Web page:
The Best NFL Combine 40 Times by Position Group

  • February 20, 2015
  • / By Tom
NFL Combine 40 Times

Photo By: John Seb Barber

The NFL Combine 40 times are always the most popular drill at the event. Draft prospects run for a timed 40 yard dash in front of scouts to demonstrate their speed.

You can find the best NFL Scouting Combine 40 times by each position group below. While you can't find the historic results from every combine, you can get the bests since 2006. ​These are referred to as recent bests rather than records. 

The 40 yard dash is usually the most-hyped event at the combine. Most prospects care more about this than any other drill. While the value of this is questionable, draft combine 40 times follow athletes around for their entire career as one marker of speed. There are many variables that go into running a good 40 time, including technique, training, and actual speed.

Prospects are given 2 attempts to run, with the faster time being recorded as the official time. All times below are the official, automatic time. You'll often hear ridiculous times being claimed, but these are usually the unofficial, hand times. These times can come from any random person in the stands and are highly inaccurate​. Often, they are often off by multiple tenths of a second. You should only pay attention to the official, automatic times. 


Athlete - Reggie McNeal

College - Texas A&M University

Time - 4.35 seconds

Year - 2006

Years in NFL - 2006

Career Starts - 0​

Running Backs

Athlete - Chris Johnson

College - East Carolina University

Time - 4.24 seconds

Year - 2008

Years in NFL - 2008 - present

Career Starts - 1103

Wide Receivers

Athlete - Marquise Goodwin

College - University of Texas

Time - 4.27 seconds

Year - 2013

Years in NFL - 2013 - present

Career Starts - 1

Tight Ends

Athlete - Vernon Davis

College - University of Maryland

Time - 4.38 seconds

Year - 2006

Years in NFL - 2006 - present

Career Starts - 134

Offensive Lineman

Athlete - Terron Armstead

College - University of Arkansas at Pine Bluff

Time - 4.71 seconds

Year - 2013

Years in NFL - 2013 - present

Career Starts - 20

Defensive Lineman

Athlete - Manny Lawson

College - North Carolina State University

Time - 4.43 seconds

Year - 2006

Years in NFL - 2006 - present

Career Starts - 100


Athlete - Jon Alston

College - Stanford University

Time - 4.40 seconds

Year - 2006

Years in NFL - 2006 - 2009

Career Starts - 8


Athlete - Demarcus Van Dyke

College - University of Miami

Time - 4.28 seconds

Year - 2011

Years in NFL - 2011 - 2013

Career Starts - 4


Athlete - Josh Barrett

College - Arizona State University

Time - 4.35 seconds

Year - 2008

Years in NFL - 2008-2011

Career Starts - 7

Special Teams

Athlete - Trindon Holliday

College - Louisiana State University

Time - 4.24 seconds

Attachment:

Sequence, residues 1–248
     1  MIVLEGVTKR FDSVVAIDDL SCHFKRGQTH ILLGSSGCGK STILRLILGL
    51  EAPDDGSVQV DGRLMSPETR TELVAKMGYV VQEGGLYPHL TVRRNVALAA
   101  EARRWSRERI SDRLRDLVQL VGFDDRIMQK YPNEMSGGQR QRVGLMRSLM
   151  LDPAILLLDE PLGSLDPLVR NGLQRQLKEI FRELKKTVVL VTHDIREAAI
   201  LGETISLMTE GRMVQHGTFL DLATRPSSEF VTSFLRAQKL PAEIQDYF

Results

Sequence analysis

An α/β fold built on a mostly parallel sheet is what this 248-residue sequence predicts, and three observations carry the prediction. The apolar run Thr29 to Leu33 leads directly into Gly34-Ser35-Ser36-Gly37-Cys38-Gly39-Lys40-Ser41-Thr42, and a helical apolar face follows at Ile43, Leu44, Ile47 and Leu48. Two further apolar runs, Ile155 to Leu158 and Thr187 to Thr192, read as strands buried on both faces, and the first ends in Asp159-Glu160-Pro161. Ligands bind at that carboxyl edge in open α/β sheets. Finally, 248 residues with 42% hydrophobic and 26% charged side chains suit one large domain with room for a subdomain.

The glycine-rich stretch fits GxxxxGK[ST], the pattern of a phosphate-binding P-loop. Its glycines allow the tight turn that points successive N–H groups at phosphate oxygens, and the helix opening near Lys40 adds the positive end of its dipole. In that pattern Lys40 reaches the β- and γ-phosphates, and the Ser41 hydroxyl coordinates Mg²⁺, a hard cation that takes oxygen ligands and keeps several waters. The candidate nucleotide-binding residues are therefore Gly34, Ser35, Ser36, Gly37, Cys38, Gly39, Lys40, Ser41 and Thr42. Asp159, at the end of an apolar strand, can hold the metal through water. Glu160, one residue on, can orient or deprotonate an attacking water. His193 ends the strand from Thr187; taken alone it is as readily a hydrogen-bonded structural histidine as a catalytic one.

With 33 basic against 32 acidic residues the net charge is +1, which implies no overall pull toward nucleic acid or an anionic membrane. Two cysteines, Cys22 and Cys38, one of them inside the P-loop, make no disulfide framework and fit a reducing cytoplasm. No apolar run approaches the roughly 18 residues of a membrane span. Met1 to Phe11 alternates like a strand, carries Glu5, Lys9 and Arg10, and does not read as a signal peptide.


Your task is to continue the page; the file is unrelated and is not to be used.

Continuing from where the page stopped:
Year - 2011

Years in NFL - 2011 - 2014

Career Starts - 1


The results above are very interesting. Similar to the bench press, being a best performer certainly isn't a great predictor of success at the NFL level, but speed proves to be more useful in the pros, unlike the muscular endurance that is tested for some reason in the bench press.

Chris Johnson holds the recent best for all positions with a time of 4.24 seconds. Johnson, a running back from East Carolina University ran this at the 2008 scouting combine. He went on to be a first round pick by the Tennessee Titans in the NFL Draft, at 24th overall. Johnson has had a successful career, including 6 1,000 yard rushing seasons. 

While timed speed is valuable, it is clear that speed alone doesn't make a great NFL prospect. Other than Johnson, Vernon Davis, and Terron Armstead, there are few of the athletes above who have had long-term productive careers. ​

Davis has also had a successful career following his blazing 4.38 second 40 in 2006. His time was elite for any position, not to mention the fact that he did it at 250 pounds. 

It is definitely important to note that speed is simply more important for other positions. For instance, each year some of the fastest quarterbacks aren't even being scouted as quarterbacks, unless, like Marcus Marioto and Robert Griffin III,​ they also have excellent pocket passing potential. Often you will find prospects like Reggie McNeal, who many teams were looking at as more of a wide receiver prospect. 

​Speed is very important for running backs, wide receivers, and cornerbacks, even though many elite players had less than stellar times. For positions like offensive and defensive lineman, many teams prefer to look at the first 10 yard split of their 40. This is because long speed isn't important at those positions, but short area speed can be. 

The best NFL Combine 40 times are always fun to look out for before the draft each year. While it can be a fun way to look at prospects, the overall value of it when scouting players has a mixed history. ​

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